Digital images, Fourier Transformation




    In order to be analysed, a signal need to be digitized, i.e. represented as a sequence of numbers (real, integer... values) as a function of time, position etc.
In the present illustration, the reference signal is a digital photograph of statue from the 'Avenue of the Chinese Musicians, Allerton Park, University of Illinois at Urbana-Champaign, IL, USA (2004) :


 256*256 pixels digital photograph

 8 bits gray scale
(allowing to code 28=256
different gray levels)



This image can be seen as an array of 256*256 cells (pixels), each containing an integer number comprised between 0 (black) and 255 (white) coding for the corresponding gray level :


 Value of the integer coding the gray level:             0                                   128                                  255


    In a first step, for simplification consider a second image also in 8 bits gray scale but composed only of 4*4 pixels, each identified by their row m and column n numbers:
   
m\n 0 1 2 3
0
1
2
3
m\n 0 1 2 3
0 127 46 255 241
1 176 179 70 241
2 183 5 190 243
3 196 157 136 94
     Gray scale image                                                                                Pixels values

Then, when digitized, this image is the array I(n,m), with n the column number and m the row number (e.g.  I(2,0)=255).

The Fourier Transform (noted FT) of this N*N pixels images (here N=4) is:


where h and k are two integers from -N/2 à N/2-1.

The inverse tranformation (Inverse Fourier Transform) allowing to form back the original image is:



    Often the original signal I(n,m) is real (and we will limit ourself to such signals), and this implies a symmetry in its Fourier Transform F(h,k). Indeed:




    The Fourier Transform F(h,k) of the image I(n,m) is usually displayed as an array F(h,k) of N*N pixels containing complex numbers, named the Fourier Coefficients of the image I(n,m) :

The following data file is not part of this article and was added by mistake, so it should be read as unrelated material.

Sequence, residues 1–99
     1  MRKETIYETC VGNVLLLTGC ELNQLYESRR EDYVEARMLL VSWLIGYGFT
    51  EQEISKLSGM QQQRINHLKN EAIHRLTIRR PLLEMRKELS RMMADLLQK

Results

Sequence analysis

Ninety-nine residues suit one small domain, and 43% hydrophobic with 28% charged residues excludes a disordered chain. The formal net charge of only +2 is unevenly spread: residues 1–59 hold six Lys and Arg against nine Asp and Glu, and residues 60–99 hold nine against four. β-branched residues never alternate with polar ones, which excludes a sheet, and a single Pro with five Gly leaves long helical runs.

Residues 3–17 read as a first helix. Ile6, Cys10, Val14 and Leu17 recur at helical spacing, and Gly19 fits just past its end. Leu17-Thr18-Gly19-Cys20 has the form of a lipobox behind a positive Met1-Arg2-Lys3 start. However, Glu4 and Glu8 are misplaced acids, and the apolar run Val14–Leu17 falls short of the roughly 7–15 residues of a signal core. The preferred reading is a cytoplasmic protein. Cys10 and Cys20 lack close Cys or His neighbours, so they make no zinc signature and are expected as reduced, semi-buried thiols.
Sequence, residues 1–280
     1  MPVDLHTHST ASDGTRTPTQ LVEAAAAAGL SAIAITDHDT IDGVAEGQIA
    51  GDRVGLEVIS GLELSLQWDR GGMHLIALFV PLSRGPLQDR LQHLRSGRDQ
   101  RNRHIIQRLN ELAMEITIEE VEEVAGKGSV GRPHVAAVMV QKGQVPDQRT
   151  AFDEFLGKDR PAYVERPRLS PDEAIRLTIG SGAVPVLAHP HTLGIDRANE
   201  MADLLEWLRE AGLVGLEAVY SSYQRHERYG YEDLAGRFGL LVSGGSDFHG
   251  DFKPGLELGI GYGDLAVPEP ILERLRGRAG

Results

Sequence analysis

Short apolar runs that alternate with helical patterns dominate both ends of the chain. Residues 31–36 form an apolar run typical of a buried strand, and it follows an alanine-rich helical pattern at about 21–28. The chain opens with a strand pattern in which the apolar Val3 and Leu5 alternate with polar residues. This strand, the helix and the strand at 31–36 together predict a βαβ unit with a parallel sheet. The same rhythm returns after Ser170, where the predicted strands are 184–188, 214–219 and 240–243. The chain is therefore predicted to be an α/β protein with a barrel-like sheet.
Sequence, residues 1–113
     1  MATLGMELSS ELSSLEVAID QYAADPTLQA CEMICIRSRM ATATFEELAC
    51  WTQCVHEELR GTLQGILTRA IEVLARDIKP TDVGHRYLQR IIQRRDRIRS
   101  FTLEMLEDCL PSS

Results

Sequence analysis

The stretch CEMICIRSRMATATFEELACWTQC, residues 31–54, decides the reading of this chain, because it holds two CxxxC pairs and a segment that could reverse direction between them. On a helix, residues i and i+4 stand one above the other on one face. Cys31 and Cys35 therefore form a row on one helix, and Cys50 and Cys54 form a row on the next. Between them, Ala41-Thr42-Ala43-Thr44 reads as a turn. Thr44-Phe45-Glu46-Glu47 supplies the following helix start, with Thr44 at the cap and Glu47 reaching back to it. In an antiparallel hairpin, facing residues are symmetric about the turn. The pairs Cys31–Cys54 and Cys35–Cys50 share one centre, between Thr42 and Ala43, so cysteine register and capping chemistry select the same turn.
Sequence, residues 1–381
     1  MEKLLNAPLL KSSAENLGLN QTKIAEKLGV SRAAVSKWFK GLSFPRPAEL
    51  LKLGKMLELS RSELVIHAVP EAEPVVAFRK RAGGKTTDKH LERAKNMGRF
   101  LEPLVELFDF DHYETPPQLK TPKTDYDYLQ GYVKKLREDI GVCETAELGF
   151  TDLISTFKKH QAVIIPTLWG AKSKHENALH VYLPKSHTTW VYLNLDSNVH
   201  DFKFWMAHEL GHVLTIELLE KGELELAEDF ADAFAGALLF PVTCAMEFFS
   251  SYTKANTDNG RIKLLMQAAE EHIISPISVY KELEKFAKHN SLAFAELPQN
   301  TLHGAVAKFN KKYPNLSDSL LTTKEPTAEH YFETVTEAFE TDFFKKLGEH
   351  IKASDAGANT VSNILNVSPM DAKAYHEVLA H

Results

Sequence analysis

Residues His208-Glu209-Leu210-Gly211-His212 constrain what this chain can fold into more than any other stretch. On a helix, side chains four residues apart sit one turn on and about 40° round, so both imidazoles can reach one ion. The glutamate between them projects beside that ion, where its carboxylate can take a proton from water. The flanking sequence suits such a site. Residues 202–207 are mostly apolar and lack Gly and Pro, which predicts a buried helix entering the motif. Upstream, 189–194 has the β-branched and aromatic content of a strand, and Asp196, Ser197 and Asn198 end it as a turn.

k\h -2 -1 0 1
-2 313
+0i
-301
+434i
41
+0i
-301
-434i
-1 -30
+255i
4
-89i
48
-83i
-246
-3i
0 127
+0i
31
+432i
2539
+0i
31
-432i
1 -30
-255i
-246
+3i
48
+83i
4
+89i


    Each of these cartesian (x+iy) complex numbers can be written on polar form |F(h,k)|.ei.φ(h,k), where |F(h,k)| is the modulus and φ(h,k) the phase of the Fourier coefficient F(h,k), leading to a graphical representation of the Fourier Transform through gray scale maps of moduli and phases:

k\h -2 -1 0 1
-2
-1
0
1
k\h -2 -1 0 1
-2
-1
0
1
Moduli of the Fourier coefficients. Black (white) codes for a low (high) modulus. Symmetry of the moduli is visible around (h,k)=(0,0) Phases of the Fourier coefficients. Black (white) codes for  -π( π) phase.  Antisymmetry of the phases is visible around (h,k)=(0,0)


The diplay of the Fourier Transform is centered around F(h=0,k=0) (due to the symmetry F(-h,-k)=F*(h,k)). The central coefficent F(h=0,k=0) is particular since it is always a real value and is equal to the sum of the pixel values of I(n,m) image: 
 
Fourier coefficients in first column and row k=-2 and h=-2 are also particuliar since they correspond to the highest possible absolute values of the h and k indices. In order to work with arrays of same sizes for the image and its Fourier Transform only the coefficients with k and K negative are displayed (here column h=-2 and row k=-2).

Note : with the definition of the Fourier Transform we used here N should be a even number (h have to be an integer ranging from N/2 to N/2-1), and in order to use the software employed to make the illustrations in these pages (DigitalMicrograph @ Gatan; Fast Fourier Transform) N should be equal to 2j with j another integer.